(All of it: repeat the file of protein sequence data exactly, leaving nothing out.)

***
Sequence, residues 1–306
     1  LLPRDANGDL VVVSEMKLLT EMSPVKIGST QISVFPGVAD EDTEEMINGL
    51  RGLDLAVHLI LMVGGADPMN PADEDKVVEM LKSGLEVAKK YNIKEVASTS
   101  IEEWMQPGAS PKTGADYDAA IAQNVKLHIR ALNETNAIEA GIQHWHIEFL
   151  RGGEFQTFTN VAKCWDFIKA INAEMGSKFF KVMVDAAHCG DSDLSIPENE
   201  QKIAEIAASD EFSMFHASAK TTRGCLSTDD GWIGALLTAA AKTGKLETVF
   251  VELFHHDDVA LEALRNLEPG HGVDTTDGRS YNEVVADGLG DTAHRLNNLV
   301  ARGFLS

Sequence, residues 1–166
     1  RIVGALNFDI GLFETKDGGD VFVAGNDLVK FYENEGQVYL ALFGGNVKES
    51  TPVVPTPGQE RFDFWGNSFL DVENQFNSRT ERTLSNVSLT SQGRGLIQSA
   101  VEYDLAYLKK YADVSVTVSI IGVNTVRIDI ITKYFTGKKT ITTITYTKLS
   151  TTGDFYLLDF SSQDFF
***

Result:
Sequence, residues 1–306
     1  LLPRDANGDL VVVSEMKLLT EMSPVKIGST QISVFPGVAD EDTEEMINGL
    51  RGLDLAVHLI LMVGGADPMN PADEDKVVEM LKSGLEVAKK YNIKEVASTS
   101  IEEWMQPGAS PKTGADYDAA IAQNVKLHIR ALNETNAIEA GIQHWHIEFL
   151  RGGEFQTFTN VAKCWDFIKA INAEMGSKFF KVMVDAAHCG DSDLSIPENE
   201  QKIAEIAASD EFSMFHASAK TTRGCLSTDD GWIGALLTAA AKTGKLETVF
   251  VELFHHDDVA LEALRNLEPG HGVDTTDGRS YNEVVADGLG DTAHRLNNLV
   301  ARGFLS

Sequence, residues 1–166
     1  RIVGALNFDI GLFETKDGGD VFVAGNDLVK FYENEGQVYL ALFGGNVKES
    51  TPVVPTPGQE RFDFWGNSFL DVENQFNSRT ERTLSNVSLT SQGRGLIQSA
   101  VEYDLAYLKK YADVSVTVSI IGVNTVRIDI ITKYFTGKKT ITTITYTKLS
   151  TTGDFYLLDF SSQDFF